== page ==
I just wanted to give you all a quick update on what seems to be happening regarding the Julie Bass court case (see Blog entry entitled Reconsider Lawns, and published July 11, 2011).
It would appear that the court case regarding Bass' vegetable garden has been dismissed, although the City Council is free to reinstitute the charges at any time as the vagueness in the by-law remains. Bass has blogged that she and her family are worried that once the media focus dies down and the pressure is off, that the case will be reinstated. Bass has also reported that she has been charged with having dogs without a license, and it appears that these charges are in retaliation to the international pressure brought to bear on the Council. While she has paid all fines and obtained liscences, she still has a court date on July 26th - now to deal with the issue of her dogs rather than her garden. I will continue to follow Bass' blog, and keep you up to date.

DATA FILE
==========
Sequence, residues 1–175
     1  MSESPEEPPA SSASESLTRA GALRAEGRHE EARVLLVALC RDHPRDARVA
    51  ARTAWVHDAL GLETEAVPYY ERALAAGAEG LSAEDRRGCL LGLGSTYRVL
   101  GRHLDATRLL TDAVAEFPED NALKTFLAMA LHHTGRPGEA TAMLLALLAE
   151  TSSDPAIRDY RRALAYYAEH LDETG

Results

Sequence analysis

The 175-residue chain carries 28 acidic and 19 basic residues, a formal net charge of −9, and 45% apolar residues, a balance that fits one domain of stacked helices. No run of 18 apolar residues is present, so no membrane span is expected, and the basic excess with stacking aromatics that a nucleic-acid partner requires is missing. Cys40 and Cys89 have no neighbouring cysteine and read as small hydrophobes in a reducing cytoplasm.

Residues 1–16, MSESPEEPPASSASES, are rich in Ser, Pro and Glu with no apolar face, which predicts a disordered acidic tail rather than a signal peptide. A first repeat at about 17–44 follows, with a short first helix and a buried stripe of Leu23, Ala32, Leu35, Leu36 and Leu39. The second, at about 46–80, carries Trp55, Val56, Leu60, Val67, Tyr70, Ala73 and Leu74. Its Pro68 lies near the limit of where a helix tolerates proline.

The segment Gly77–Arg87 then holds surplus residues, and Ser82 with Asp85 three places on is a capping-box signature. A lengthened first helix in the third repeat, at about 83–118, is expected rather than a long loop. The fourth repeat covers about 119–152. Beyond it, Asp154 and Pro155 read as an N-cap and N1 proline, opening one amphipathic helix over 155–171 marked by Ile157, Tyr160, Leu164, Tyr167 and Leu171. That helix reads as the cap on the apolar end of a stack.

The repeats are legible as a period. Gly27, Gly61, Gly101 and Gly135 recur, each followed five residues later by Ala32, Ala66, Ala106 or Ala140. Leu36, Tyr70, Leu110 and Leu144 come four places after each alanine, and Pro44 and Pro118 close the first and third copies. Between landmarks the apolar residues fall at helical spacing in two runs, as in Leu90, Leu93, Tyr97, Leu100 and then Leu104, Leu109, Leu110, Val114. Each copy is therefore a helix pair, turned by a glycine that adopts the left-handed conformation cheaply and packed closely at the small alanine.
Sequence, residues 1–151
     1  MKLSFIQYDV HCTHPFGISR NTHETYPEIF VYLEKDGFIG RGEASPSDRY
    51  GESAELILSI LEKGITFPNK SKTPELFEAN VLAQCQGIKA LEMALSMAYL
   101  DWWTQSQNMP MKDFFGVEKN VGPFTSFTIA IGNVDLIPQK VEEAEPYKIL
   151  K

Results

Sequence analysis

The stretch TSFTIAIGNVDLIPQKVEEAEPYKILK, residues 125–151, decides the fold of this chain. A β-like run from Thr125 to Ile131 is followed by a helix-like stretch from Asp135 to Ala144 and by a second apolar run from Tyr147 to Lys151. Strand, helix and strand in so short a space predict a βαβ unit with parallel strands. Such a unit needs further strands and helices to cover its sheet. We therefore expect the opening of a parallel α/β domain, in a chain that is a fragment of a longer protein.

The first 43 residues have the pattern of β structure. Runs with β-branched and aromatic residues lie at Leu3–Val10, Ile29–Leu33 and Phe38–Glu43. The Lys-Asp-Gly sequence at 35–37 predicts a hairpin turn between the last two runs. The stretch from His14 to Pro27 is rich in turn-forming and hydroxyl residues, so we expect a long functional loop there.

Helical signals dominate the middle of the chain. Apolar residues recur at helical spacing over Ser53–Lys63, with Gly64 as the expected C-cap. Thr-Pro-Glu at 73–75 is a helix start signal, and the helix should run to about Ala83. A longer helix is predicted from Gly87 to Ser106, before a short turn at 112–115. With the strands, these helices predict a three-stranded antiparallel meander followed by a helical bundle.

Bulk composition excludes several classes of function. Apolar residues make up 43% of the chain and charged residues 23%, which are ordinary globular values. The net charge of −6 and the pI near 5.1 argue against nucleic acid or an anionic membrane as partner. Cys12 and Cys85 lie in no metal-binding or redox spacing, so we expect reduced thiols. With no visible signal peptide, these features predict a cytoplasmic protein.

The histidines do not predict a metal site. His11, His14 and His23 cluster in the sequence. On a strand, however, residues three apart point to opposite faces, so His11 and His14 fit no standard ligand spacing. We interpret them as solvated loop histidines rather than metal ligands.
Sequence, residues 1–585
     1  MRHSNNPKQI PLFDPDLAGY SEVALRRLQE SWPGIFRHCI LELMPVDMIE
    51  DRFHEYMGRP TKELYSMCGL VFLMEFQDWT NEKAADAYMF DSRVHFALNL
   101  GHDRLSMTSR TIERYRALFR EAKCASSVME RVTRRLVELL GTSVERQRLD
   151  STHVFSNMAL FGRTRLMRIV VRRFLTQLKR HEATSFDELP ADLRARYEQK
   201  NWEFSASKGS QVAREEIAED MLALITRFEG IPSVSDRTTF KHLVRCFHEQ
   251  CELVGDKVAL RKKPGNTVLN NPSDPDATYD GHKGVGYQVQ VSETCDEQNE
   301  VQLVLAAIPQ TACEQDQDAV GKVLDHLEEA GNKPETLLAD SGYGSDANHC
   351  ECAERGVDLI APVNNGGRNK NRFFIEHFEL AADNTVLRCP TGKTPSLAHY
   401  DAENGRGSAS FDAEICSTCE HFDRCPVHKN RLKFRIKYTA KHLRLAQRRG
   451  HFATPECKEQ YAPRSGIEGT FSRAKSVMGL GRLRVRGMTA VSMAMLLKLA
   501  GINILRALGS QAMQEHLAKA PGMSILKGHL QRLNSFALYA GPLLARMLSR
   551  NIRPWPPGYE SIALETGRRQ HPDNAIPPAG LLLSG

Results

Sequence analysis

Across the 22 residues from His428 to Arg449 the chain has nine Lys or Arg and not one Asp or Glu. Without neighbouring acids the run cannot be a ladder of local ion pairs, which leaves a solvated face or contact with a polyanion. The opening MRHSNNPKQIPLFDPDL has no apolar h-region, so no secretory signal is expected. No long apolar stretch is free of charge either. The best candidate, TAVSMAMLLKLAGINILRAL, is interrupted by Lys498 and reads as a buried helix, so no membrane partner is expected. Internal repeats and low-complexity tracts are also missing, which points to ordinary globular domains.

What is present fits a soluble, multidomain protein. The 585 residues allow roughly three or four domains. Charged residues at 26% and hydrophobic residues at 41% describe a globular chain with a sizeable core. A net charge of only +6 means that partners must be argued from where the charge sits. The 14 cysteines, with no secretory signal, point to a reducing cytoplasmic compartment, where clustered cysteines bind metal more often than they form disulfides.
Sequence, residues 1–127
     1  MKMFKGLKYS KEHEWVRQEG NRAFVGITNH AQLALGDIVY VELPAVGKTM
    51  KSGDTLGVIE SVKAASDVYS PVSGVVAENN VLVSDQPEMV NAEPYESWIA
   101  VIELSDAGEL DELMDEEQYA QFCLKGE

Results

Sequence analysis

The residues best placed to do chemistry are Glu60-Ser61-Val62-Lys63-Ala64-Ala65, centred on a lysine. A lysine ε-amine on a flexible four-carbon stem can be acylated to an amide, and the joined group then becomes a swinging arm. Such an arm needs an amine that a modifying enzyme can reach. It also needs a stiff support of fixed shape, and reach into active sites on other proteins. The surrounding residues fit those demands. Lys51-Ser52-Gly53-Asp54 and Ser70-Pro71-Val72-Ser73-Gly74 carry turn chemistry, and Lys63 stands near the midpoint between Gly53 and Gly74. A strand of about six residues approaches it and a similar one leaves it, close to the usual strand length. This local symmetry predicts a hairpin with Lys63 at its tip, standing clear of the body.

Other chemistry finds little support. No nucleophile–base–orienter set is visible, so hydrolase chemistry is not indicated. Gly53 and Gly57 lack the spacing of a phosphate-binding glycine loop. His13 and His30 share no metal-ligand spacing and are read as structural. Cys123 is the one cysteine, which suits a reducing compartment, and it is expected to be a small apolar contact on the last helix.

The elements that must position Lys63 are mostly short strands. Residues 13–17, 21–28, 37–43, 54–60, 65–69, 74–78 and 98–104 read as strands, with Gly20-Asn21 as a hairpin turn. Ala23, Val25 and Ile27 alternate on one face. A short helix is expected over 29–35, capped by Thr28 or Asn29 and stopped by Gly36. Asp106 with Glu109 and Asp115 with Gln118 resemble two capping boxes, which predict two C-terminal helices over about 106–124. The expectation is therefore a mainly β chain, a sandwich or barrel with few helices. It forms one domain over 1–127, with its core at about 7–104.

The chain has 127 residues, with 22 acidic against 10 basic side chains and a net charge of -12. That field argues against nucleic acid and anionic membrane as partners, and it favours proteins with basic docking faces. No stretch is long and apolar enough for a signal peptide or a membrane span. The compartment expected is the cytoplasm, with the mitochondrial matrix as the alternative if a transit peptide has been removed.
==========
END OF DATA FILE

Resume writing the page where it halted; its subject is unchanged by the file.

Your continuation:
In the meantime, I have taken the liberty of taking a just a few pictures to show some of the front-yard food gardens in Montreal, and the use of innovative space for gardening:
You can sneak in a bit of greenery and plant just about anywhere, as this tiny second-story window ledge shows.
Food can be pretty, and grown in front yards even when there isn't really a yard.
This front yard is pretty standard, until you take a closer look and see...
The gorgeous pears hanging from the branches.
A wild but lovely vegetable garden can be protected from judgemental neighbours...
...with the help of a fence, and some more creative gardening.
An ivy-covered entranceway and tiny front plot can be productive in many ways....
...and the use of a cherry tree is a real treat.
Finally, an example of short-growing ground cover that doesn't have to be mowed. The specificities of landscaping, and how to 'organise' your front lawn can change, but the lush, cushiony ground cover can be a spring board.
Have a great week-end, Dear Reader.